Tuesday, September 12, 2023


Peace and comfort blow in on Nicole-Marie’s “Ocean Breeze”



By Kurt Beyers


“Ocean Breeze,” the song by Nicole-Marie off her EP Roars, Flames and Embers, is such a beautiful, calming acoustic track that you would never know it was inspired by dental trauma.


Dental trauma, and the sounds of the dental office — the drill, something that sounds like suction — explains the line that says, “There’s a voice that’s demonic.”


“I was under the influence of nitrous oxide,” said Nicole-Marie, “and it was the sound that’s — well, demonic — but I pretended it was an ocean breeze. I thought, ‘Okay, that’s just an ocean breeze washing over me.’”


I am one with the morning

I am one with the world

And my soul is exploring

The ocean breeze that has unfurled


“I have so much dental trauma that I cope by making up songs while I’m under the influence of nitrous oxide. I feel like if I go to the dentist, I’m at least gonna get a good song out of it for going through all that pain and misery.”


There’s a voice that’s demonic but I am focusing

On ocean breeze in the distance blowing evil far from me


It’s a great story. Hearing her tell it, and listening to the song, it’s also believable. But evil is real for her, both in her personal experience — having lived through 25 years of narcissistic abuse — and in her day work as a social worker and mental health therapist specializing in trauma.


“There’s still stuff I’m deprogramming from, and I’m still in recovery from that situation, but there are situations in the world that are not ‘just’ narcissistic abuse, but psychopathic and sociopathic abuse as well.”


“I’m expanding the metaphor to mean the demonic presence in the world,” she said.


“Ocean Breeze” is a way of calming the soul, combatting the mental, spiritual presence of evil, whether it’s fanciful, like hearing Satan in a dental drill, or the much more destructive kind that is all too common in what she calls “the 3D world.”


The song features slow, melodic rhythms of guitar, banjo, and mandolin, timed by drums beating at the pace of a heart at rest. Nicole-Marie’s lyrics are delivered in her deep, soothing voice. Doug Rusk is a featured vocalist on the track and is also the lead guitarist.


She and Rusk are also featured in the video, produced by Smokescreen Media.


“I was really impressed with them. I’m going to work with them on another video soon,” she said.


Nicole-Marie’s voice can climb. It has changed since she lost all hearing in her left ear more than a decade ago. Her right ear loses hearing intermittently and sometimes, she says, she is legally deaf.


“I used to be a first soprano when I did choir in high school. Since my hearing loss, I’ve become more like an alto. I’ve learned to sing in that method — I don’t know what it’s called, actually — but you hear by feeling the vibration in your body. On some of those notes, I might not even be able to hear what I’m hitting.”


Abuse, hearing loss, cancer. She has survived and is recovering still from a great deal of evil herself. Her music and her life are conducted in accordance with her spirituality, which is at heart a non-denominational Christianity influenced by a pan-spiritual outlook and yogic and other influences.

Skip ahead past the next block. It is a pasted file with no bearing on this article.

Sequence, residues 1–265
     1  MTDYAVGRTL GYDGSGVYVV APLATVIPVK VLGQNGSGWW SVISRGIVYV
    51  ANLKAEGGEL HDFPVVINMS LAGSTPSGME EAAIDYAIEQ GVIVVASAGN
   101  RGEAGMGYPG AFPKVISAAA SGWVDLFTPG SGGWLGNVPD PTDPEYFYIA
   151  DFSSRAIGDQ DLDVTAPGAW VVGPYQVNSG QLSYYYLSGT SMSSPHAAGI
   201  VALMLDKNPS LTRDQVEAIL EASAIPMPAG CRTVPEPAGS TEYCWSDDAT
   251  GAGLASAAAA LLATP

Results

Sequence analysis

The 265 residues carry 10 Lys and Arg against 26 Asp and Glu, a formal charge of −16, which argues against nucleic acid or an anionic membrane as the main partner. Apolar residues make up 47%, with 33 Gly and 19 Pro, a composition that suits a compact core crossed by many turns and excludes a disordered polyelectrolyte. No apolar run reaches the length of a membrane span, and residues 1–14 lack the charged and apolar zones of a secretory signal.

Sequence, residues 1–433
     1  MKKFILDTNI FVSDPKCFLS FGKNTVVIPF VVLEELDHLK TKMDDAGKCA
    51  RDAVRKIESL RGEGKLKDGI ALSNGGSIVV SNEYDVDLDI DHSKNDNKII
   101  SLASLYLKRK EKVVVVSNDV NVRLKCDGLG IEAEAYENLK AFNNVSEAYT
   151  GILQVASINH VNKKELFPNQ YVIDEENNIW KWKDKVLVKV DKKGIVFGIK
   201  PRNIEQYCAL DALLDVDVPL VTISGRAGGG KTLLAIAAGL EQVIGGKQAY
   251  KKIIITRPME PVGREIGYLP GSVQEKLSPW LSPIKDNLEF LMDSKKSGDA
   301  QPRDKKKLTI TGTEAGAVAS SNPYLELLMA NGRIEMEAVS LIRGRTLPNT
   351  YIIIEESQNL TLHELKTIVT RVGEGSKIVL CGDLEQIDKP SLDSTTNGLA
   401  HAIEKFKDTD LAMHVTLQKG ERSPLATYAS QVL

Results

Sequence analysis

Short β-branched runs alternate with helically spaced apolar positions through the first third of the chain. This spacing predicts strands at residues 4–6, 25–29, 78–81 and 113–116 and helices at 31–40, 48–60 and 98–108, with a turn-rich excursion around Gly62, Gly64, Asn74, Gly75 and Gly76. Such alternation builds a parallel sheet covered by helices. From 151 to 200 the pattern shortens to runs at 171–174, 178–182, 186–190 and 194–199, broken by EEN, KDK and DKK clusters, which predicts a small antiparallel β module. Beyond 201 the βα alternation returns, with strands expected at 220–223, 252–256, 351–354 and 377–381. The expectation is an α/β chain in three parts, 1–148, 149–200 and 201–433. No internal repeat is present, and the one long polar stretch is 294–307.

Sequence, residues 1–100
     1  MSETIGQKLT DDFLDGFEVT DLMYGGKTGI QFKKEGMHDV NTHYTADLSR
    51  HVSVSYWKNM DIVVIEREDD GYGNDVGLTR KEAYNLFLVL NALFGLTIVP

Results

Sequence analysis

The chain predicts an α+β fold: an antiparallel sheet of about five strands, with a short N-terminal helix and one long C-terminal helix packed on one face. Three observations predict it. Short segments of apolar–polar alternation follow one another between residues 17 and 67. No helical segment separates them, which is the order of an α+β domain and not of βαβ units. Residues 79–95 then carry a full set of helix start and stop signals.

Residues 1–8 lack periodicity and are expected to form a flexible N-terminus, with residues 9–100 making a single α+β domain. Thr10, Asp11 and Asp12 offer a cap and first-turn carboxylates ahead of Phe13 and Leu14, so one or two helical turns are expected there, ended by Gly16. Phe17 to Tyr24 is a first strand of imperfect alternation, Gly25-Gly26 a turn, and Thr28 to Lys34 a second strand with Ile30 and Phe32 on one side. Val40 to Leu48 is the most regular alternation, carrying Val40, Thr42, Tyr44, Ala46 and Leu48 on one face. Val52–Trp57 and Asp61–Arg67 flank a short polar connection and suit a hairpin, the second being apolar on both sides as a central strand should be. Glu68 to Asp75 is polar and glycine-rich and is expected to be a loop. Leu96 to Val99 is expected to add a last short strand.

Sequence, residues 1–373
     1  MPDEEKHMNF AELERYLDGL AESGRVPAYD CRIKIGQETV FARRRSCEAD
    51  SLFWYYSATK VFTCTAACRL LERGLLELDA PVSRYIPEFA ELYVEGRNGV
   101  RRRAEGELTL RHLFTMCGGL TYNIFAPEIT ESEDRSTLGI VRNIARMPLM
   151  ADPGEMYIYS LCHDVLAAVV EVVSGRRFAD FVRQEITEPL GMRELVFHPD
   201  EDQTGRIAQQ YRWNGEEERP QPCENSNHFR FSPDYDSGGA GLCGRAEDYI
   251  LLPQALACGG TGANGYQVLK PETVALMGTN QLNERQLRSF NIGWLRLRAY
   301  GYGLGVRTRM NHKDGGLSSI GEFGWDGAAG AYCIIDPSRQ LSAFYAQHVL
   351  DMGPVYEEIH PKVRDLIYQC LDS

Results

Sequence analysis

Christianity is fractured, a “divided kingdom,” she says, and needs to be much less judgmental, which is inherently divisive, “because we don’t want to be conquered by being divided.”


“I want to inspire other people to make the highest vibrational choices for their lives,” which she defines as making life choices and decisions out of “gratitude, love, joy, contentment,” rather than out of fear, anger or guilt.


“Ocean Breeze” is the lead single she is promoting from Roars, Flames and Embers, but two other songs from the EP hold special meaning for her.


“Pour out the Oil” was inspired by Kim Clement’s prophetic writings on the biblical Esther. The song features a woman, she said, who would “pour out the oil, pour out healing to the world.”


“I wanted to put in influences of biblical women, powerful women,” she said. “So I put Esther in a verse, and then Mary of Bethany, in a verse. Both were powerful biblical women. I wanted to focus on that and what I think will be the return of the divine feminine.”


She added, “And I’m not referring to the Barbie movie.”


The other song is “Beyond the Stars.”


“That one was written in the voice of God. I wrote it after experiencing some workplace bullying. It’s like God speaking to me, saying, ‘I know who you really are, no matter what other people call you, or say about you. I know who you really are.’ It’s about forgiveness, too, of the bullies and of anybody that has to live in this crazy world. I think it’s a very healing song.”


Nicole-Marie has been putting out music since 2003. Her catalogue includes six albums and EPs and several singles. She lists her genre as “spiritual folk rock” and those are all present, each by itself sometimes, sometimes in combination.


She has performed live, but not since the pandemic. She is dealing with a case of performance anxiety but wants to perform again. She especially wants to go on a tour.


That reality is in a world that lies a little way down the road.


In the 3D world of now, there is promoting “Ocean Breeze” and Roars, Flames and Embers and, also, “I’m working on my next music video. That’s where my immediate attention is.”


“But beyond that, I hope to do some shows, get over some of my fears and inspire others to face their fears and get over them.”


Connect with Nicole-Marie on all platforms for new music, videos, and social posts.









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